Here's a link to the guide on how to modify the tight bore: http://www.airsoftretreat.com/forums/index.php?topic=22791.0
I also put some extra weights in the gun--the rubber recoil pad DOES come off, just pull firmly until you get the rubber to come off a little, and then pry it off the rest of the way. Here's a shot of the rubber butt pad removed:
And my personal favorite part, the space is just big enough to fit a pocket pistol. I stuffed in some newspaper to make it fit like a glove, but as you can see, I now have space to store a little pistol INSIDE my rifle. I have no idea WHY that might be useful, but I thought it was funny, so now my gun has another gun inside of it. Here's a shot of the hidden gun:
And here's a picture of the pocket pistol--it’s a cheapo gas NBB from Taiwan that I got free when I purchased my KWC Beretta's.
Yeah, I know, I'm a lunatic, but I still think it’s funny. While this feature is of dubious relevance to the gun, it’s still a surprisingly handy storage place for various things (energy bars, perhaps), and allows an easy fix to the weight problem.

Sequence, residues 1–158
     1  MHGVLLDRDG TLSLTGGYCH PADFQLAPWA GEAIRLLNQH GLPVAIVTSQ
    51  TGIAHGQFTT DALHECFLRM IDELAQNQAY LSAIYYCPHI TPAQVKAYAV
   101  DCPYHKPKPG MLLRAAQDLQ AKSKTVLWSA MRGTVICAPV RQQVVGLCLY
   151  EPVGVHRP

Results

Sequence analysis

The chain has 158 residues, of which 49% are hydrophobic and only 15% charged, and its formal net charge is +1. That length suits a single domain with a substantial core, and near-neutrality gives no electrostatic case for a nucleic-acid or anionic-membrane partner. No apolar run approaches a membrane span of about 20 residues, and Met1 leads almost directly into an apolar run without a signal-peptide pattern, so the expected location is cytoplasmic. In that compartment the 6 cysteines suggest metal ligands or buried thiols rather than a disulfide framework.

The appearance is surprisingly good, and it has good durability. Very accurate and hard-hitting in its stock form, and the bolt is really easy to cock. Finish is solid, and it's quite an ergonomic gun. Price, of course, is a major pro.
Its louder than the UTG M324, the stock is really light, so the gun does not have a realistic heft (easily fixed), the magazine is not completely reliable, and the sling clips cannot take hard jolts.
So far, this gun is available from nachosdesign and www.gunnerairsoft.com. It cost about 92 with shipping to the US from nachos, and I received the gun about 2 weeks after ordering it. Nachosdesign has great customer service too, by the way. You can order a gun by PMing him, or buy off of www.gunnerairsoft.com. Both use Pay pal for payment, so it's nice and easy. I'm told that the black version is also available, for those of you that prefer the matte black look. For stateside ordering, it’s also available at www.airsoftgi.com, for about 82 shipped, or on eBay from airsoftmall.
After fairly extensive testing of this gun, I'd say that its going to restore the good name of airsoft guns made in China. Like the UTG and CYMA guns that have been released recently, it's surprisingly good, and a reasonably good quality copy of the Tokyo Marui VSR-10 GSPEC. I give this gun two thumbs up (and a big toe as well), and am looking forward to testing out the new L96A1 clone (more on that in a few months after it arrives and gets tested). PM me if you have any questions that have gone unanswered in this review.